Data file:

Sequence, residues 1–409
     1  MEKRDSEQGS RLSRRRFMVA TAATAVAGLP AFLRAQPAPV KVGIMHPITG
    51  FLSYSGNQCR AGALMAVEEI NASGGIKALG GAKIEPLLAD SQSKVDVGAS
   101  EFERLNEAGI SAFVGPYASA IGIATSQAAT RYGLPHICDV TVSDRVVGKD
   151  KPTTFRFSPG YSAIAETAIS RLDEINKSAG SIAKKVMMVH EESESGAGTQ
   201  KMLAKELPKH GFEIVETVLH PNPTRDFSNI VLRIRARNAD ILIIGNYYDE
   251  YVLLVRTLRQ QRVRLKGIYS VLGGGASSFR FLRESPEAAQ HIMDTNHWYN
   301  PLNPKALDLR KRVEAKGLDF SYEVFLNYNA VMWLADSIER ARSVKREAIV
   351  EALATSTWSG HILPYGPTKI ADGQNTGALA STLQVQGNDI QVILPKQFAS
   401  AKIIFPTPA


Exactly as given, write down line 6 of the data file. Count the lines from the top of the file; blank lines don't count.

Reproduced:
   201  KMLAKELPKH GFEIVETVLH PNPTRDFSNI VLRIRARNAD ILIIGNYYDE